I just posted about a trip I took in May (no, not the Europe trip, this was one to Northern California), one I will write up one of these days. There were lots of photos to share of the California coastline, wildlife, flowers at a Botanical Garden in Ft. Bragg (way up north) and my older granddaughter’s graduation from high school.

Anyway, while visiting in the Bay Area I went to see old friends I’d not seen for some years. The last time was several years ago when they were living in Pennsylvania and Dave and I stayed with them. Now Karen, Phil and their 2 sons, Cameron and Ryan are back on home (California) turf again and Phil’s got a new very high-powered job in the tech industry. Phil used to work for Intel, my DH’s employer. When Phil was almost fresh out of MBA school and came to work for Intel, he spent some weeks shadowing Dave in outside sales. Most of the new kids on the block did that when they were first sent to this local SoCal office.

the_salad_chefPhil & Karen invited me to their home in Pleasanton – a gorgeous house set amongst a winery enclave. They grilled thick halibut steaks (and we talked about what a real treat halibut is these days at upwards of $20/pound). And their son Cameron (pictured at right) made this marvelous salad. Cameron likes to cook – isn’t it wonderful when your kids take an interest and really want to help in the kitchen?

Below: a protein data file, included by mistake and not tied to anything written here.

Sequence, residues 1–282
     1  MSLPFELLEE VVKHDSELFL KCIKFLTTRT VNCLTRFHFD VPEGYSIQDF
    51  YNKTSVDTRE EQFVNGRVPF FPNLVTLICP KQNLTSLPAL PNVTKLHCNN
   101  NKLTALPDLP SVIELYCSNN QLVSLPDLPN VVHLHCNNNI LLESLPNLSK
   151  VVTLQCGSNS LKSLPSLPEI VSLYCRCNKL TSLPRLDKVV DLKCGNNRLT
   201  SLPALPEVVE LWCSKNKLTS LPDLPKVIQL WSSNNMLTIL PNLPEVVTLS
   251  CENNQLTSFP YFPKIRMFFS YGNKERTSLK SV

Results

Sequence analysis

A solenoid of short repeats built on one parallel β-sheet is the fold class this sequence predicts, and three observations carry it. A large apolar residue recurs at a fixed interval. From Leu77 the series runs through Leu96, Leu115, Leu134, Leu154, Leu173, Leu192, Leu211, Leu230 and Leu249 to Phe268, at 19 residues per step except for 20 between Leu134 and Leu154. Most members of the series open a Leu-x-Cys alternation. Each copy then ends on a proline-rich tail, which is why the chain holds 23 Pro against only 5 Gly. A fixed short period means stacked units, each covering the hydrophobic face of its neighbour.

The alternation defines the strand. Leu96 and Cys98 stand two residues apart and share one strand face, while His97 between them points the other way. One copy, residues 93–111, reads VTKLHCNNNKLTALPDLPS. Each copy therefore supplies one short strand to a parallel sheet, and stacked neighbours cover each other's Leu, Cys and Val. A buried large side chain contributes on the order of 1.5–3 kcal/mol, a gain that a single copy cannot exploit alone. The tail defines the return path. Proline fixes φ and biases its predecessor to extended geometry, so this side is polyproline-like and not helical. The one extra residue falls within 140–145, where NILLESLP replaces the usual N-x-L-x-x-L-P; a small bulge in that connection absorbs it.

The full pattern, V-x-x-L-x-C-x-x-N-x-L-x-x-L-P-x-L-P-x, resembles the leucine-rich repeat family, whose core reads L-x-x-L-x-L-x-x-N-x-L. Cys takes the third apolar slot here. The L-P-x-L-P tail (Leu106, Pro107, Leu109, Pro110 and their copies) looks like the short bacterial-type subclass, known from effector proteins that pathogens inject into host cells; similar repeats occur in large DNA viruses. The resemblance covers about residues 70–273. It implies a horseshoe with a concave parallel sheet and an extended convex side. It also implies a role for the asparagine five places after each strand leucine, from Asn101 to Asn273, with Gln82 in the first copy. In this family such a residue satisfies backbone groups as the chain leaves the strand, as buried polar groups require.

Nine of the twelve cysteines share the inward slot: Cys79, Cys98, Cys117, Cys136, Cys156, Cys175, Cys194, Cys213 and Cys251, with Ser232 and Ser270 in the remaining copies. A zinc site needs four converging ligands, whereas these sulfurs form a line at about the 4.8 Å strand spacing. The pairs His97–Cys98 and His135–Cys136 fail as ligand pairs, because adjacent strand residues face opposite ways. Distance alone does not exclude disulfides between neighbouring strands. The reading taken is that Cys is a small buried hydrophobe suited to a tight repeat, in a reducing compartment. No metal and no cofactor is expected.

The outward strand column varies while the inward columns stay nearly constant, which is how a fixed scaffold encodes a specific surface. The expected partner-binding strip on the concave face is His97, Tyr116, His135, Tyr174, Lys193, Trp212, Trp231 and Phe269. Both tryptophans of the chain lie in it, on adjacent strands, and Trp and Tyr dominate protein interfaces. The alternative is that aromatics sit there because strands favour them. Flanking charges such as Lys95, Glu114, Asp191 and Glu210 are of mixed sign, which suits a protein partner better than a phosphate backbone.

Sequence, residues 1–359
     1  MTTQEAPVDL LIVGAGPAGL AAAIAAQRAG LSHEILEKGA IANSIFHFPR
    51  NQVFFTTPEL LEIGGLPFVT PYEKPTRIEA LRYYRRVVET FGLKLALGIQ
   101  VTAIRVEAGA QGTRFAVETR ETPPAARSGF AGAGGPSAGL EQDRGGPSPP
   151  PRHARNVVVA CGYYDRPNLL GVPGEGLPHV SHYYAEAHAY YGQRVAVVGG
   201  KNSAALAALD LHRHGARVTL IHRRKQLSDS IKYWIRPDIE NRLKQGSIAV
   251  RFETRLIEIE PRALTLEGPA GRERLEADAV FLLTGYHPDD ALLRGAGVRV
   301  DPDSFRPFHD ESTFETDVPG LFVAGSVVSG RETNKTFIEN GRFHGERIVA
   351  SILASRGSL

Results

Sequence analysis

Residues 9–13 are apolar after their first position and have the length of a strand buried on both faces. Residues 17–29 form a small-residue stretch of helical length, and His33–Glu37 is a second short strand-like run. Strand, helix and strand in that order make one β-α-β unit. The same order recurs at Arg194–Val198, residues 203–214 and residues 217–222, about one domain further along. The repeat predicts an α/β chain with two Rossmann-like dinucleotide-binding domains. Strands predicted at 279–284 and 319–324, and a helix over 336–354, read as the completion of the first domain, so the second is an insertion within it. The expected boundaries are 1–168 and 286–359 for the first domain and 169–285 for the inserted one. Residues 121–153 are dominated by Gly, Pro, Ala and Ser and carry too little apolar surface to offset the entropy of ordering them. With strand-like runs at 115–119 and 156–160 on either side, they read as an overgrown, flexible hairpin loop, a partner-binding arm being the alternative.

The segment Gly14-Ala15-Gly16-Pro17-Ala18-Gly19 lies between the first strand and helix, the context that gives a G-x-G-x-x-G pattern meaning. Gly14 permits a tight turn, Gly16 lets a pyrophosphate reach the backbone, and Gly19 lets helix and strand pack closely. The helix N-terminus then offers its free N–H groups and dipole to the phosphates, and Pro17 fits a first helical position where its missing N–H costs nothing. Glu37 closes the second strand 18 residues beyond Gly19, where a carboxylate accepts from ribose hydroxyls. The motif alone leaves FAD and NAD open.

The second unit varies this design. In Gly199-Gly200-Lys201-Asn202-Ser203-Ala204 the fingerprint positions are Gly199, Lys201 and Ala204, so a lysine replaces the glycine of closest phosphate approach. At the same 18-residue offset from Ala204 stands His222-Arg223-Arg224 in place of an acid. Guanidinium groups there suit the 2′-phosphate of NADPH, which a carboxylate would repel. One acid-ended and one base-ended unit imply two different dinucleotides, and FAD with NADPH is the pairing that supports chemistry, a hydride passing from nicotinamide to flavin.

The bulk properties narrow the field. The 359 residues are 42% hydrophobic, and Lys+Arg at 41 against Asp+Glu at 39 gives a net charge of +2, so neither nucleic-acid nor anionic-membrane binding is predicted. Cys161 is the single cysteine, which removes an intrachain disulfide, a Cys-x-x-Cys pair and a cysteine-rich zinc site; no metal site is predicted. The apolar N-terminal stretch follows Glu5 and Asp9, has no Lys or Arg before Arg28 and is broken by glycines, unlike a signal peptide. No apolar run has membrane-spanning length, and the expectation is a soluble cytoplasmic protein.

The recipe came from Chef Michael Smith’s Kitchen: 100 of My Favorite Easy Recipes.

A few hours before you want to serve the salad (or even a day or so ahead) you need to make the Parmesan crisps. Click here if you want to see Ina Garten’s video of how to make the crisps. Super easy. But do start with the good stuff, Parmigiano-Reggiano or maybe a very good Pecorino. Nothing less will do. Once baked and cooled, keep them in an airtight container.

The dressing is very easy – it’s the usual salad dressing stuff with a tetch of honey to give it some sweetness. I liked that about this recipe, and not one you often see in an Italian dressing. Usually they’re acid-heavy and consequently, very tart. This one is lovely – smooth and nice. And truly, the Parm crisps make it. Thank you, Cameron, for sharing your recipe with me!

What’s GOOD: the Parmesan crisps are the best part about the salad, no question. They add texture and wonderful deep flavor, so don’t under any circumstances skip that part of it. Have everything else all ready to go and the salad is done in a flash.

What’s NOT: really nothing, unless you can’t set aside the time to make the crisps – that would make this salad very ordinary!

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Files: MasterCook 5+ and MasterCook 14 (click on link to open recipe in MC)

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Italian Basil Salad with Crispy Parmesan and Oregano Vinaigrette